While his biggest win came in the Gr.3 Spring Stakes (1600m) at Newcastle, he also placed behind Dundeel in the Gr.1 Spring Champion Stakes (2000m) and Gr.1 Randwick Guineas (1600m), and behind Pierro in the Gr.2 Hobartville Stakes (1400m).
Proisir’s premiership honours also completed some unfinished business for the Matamata stud, who had to settle for six top-four finishes with Pentire between the 2004-05 and 2011-12 seasons. That included a desperately close second behind Volksraad in 2005-06.
“Pentire went so close on a number of occasions,” Thompson said.
“The year he finished second on the premiership, Volksraad just pipped him by less than $20,000. There was also another season where Pentire led the Dewar Award for most of the season, thanks to throwing a Melbourne Cup (3200m) winner (Prince Of Penzance) and the multiple Group One-winning three-year-old Xtravagant. But that was the first year that prize-money was massively increased for The Championships at Randwick, and the Savabeel mare Lucia Valentina came along and won the Queen Elizabeth Stakes (2000m) to overtake him.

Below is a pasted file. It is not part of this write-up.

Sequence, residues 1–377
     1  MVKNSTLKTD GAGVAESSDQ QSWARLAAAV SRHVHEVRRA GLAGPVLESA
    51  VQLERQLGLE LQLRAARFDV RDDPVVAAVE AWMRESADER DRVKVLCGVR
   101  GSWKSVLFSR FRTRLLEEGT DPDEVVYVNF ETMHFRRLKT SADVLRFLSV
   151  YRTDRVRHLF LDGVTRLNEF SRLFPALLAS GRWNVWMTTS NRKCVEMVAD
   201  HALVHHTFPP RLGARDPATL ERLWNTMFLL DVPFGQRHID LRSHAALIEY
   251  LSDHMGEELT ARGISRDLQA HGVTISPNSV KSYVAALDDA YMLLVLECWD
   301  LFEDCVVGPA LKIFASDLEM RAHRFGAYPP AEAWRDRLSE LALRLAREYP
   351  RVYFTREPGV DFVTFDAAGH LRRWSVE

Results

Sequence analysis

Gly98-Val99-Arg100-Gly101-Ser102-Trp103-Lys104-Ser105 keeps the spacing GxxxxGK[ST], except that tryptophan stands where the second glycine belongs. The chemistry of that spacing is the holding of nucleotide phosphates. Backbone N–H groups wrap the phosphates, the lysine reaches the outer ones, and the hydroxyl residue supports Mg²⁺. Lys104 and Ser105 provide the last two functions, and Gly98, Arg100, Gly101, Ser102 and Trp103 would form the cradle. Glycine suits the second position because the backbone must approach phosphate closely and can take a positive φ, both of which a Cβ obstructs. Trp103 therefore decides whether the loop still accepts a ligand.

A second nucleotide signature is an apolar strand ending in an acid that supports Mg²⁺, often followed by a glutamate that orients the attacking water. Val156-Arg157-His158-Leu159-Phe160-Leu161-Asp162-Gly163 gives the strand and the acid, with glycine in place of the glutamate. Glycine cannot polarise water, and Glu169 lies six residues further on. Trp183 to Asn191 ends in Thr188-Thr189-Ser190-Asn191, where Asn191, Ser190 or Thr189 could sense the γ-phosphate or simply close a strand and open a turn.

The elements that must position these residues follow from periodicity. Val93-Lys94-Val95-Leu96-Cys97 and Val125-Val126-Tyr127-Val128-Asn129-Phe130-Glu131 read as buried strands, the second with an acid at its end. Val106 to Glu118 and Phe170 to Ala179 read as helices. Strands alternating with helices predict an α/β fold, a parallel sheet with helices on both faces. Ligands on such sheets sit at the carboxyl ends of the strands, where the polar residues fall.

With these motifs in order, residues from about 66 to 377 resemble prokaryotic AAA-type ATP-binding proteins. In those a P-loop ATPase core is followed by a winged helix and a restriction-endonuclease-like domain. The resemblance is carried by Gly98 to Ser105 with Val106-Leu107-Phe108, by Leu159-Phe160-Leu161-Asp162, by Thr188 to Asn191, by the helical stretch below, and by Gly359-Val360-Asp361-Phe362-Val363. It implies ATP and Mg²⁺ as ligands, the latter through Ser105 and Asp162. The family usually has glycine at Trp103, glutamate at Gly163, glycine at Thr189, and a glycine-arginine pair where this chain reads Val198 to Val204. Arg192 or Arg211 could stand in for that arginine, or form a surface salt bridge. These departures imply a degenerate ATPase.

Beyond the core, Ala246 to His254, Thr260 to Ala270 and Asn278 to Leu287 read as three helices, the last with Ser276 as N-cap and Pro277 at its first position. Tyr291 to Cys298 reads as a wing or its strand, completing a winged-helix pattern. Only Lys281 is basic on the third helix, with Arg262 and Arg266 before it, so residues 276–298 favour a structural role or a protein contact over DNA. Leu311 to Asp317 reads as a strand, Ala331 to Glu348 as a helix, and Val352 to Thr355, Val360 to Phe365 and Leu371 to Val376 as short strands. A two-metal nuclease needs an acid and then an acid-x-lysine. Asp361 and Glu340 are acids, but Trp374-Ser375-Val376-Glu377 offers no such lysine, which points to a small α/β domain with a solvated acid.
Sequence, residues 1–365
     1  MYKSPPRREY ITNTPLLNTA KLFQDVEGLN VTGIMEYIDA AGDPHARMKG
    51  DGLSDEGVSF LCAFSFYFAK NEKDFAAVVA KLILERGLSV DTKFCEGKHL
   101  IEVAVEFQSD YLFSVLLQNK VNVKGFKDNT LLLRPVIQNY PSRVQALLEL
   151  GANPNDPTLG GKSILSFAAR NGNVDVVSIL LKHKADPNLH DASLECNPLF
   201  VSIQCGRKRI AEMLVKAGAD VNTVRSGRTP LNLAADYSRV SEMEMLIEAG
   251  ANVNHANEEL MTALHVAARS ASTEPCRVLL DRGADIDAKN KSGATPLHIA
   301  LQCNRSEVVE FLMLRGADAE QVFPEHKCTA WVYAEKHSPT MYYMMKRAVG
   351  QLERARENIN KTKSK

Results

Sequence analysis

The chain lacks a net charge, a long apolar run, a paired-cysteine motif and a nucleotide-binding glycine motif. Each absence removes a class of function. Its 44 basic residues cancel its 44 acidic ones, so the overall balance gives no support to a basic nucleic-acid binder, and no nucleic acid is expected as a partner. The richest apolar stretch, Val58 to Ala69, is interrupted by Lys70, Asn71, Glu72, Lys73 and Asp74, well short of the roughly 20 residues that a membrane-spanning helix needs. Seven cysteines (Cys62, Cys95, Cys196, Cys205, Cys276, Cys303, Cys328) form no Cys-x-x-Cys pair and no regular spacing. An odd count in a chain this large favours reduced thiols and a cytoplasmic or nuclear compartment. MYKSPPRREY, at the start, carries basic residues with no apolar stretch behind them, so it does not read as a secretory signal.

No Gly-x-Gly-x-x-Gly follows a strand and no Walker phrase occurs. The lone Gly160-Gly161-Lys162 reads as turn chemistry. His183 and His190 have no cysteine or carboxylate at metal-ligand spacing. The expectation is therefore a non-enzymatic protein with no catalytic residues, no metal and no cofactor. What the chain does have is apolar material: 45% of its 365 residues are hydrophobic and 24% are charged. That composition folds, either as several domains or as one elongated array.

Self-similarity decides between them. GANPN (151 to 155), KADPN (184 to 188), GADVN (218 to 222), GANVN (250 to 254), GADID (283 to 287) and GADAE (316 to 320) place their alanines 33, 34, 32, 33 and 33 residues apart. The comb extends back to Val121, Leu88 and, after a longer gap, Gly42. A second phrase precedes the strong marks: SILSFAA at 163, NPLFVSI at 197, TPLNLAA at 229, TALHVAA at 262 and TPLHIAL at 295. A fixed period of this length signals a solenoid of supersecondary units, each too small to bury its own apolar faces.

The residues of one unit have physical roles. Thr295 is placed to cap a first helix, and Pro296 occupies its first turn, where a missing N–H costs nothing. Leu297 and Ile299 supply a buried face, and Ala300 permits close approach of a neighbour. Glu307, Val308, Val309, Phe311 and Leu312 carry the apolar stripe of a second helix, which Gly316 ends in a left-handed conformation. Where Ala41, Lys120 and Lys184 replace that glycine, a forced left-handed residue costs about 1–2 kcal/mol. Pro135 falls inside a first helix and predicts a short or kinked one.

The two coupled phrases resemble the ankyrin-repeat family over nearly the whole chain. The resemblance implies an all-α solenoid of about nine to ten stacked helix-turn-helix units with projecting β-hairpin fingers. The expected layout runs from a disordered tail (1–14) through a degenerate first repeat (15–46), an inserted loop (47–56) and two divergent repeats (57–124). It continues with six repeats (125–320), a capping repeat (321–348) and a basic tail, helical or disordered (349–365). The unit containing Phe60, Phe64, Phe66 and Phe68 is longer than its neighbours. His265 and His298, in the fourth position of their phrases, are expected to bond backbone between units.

“Pentire really deserved to win a premiership and never quite managed it, so it’s great to get the monkey off the back for the stud in some ways.
“I don’t think there’s been many more convincing winners than Proisir. His progeny have earned more than $4 million – the first stallion to pass that mark in New Zealand, and not far off double the amount Savabeel has earned in second place. It really has been a special season.
“It’s the reason you get into the stallion business – you hope to one day have a champion, but it doesn’t happen all that often. It’s been amazing.”